- The camera background color: You can change background color or attach a environment texture to the image plane. You can also turn on the **Physical Sun and Sky** to simulate sun and shadow without adding any light in the scene. (from **Render Settings/Mental ray/Scene/Cameras/Environment)
- The object material’s colored Incandescence or Ambient color attributes.
- Irradiance contributions from shaders.
- Irradiance color mapping contributions from shaders.
- The number and location of lights in the scene.
Render image with no actual light but with turning on the 'Physical Sun and Sky' attribute from the Mental Ray render setting.
Render image using IBL. Image-based lighting (IBL) uses an image to create lighting in a scene. High dynamic range images (HDRIs) are usually the most effective sources for IBL.
### Related tutorial
- [MR Basic Final Gather using Image Based Lighting](http://wiki.bk.tudelft.nl/toi-pedia/MR_Basic_Final_Gather_using_Image_Based_Lighting_(IBL)
- [IBL Tutorial Maya - IMAGE BASED LIGHTING EASY SETUP](https://www.youtube.com/watch?v=AyWEKvIUImU&feature=youtu.be)
- [Maya tutorial: Setting up image-based lighting | lynda.com](https://www.youtube.com/watch?v=YXor6gDoVvc)
### High dynamic image
- [A light probe image by Paul Debevec and Dan Lemmon](http://ict.debevec.org/~debevec/Probes/)
You can find hdr files here to download.
## Optional - Lab practice: Using a surface shader to bake an ambient occlusion texture in the Hypergraph
Related tutorial: [Ambient Occlusion in Maya - by Alchemist101 (2011).](http://www.game-artist.net/forums/spotlight-articles/1317-tutorial-ambient-occlusion-maya-alchemist101.html)
### Setting up the shader network
- First open the hypershade window and from the Maya nodes list MMB drag **a Surface Shader node** into the work area.
- Change it to MentalRay nodes, then under the textures tab MMB drag an '**mib\_amb\_occlusion**' node onto the work area.
- **Connect the 'OutValue' of the Occlusion node to the 'OutColor' of the surface shader**. This is the default connection between these 2 nodes so you can do this by simply holding down Ctrl and MMB dragging the occlusion node over the shader node.
### Setting up your scene
- In order to get good results from Ambient Occlusion the scene environment must be white. To do this open the Outliner window and select the Persp camera. In the attribute editor under the Environment tab slide the Background Color to 100% white.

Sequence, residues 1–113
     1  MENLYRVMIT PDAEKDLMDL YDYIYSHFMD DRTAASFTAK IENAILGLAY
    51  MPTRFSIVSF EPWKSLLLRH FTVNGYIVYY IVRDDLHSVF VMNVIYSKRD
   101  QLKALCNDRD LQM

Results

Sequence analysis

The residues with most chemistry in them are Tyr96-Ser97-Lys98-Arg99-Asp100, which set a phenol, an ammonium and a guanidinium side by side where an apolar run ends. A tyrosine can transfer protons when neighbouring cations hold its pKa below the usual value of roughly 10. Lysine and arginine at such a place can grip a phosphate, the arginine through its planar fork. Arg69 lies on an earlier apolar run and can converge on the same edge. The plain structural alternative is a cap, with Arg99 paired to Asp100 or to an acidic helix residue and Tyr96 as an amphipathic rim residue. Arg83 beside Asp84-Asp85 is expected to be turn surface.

- If you use the occlusion render pass, you don't need to change the Background color.
- Now open the Render Globals window and **select MentalRay** as your renderer and Production as the quality preset. Now change the multipixel filter to "Lanczos".
- Now close the render Globals window and assign the 'Surface Shader' you have setup to your model. It should turn the model completely black.
- Frame your model and hit render. It can look grainy.
- Now we need to tweak the settings a little. Open the attribute editor of the Ambient Occlusion node.
- The **'Spread'** setting affects how far the occlusion shadow spreads over the surface.
- The **'Samples'** setting will remove the grainy look but will drastically increase render times.
## Lab work to do
- Review & practice based on today's lecture & lab class material.
- Let's work on project 2 & 3, if you have questions, you can bring them.
- Project 2: the completion of project 1
- Project 3: free theme modeling & rendering.
- [Project link](project.html)
- [Please fill in the final survey](https://goo.gl/forms/O52nkm5ty3YneYof1)
- By **Monday Dec 5th** midnight, please complete one assignment and upload the **rendering image** to the class Tumblr with simple descriptions: **"a12 by your name, date"**.
- Choose one geometry and create its low poly version and high poly version. Then create a Normal map and an Ambient occlusion map and attach them into the shader for the geometry you worked on. Then apply final gather rendering. Basically this is a sum of today's lab practices. If it is too difficult to create two versions of your polygon geometry, you can use toad geometries.
## Office hour
- Haru Ji's shard office location: 229 Goldfarb Centre for Fine Arts or 020 3D printing room.
- Hours: Tue - 1:30 to 4:30 & Wed - 1:30 to 3:30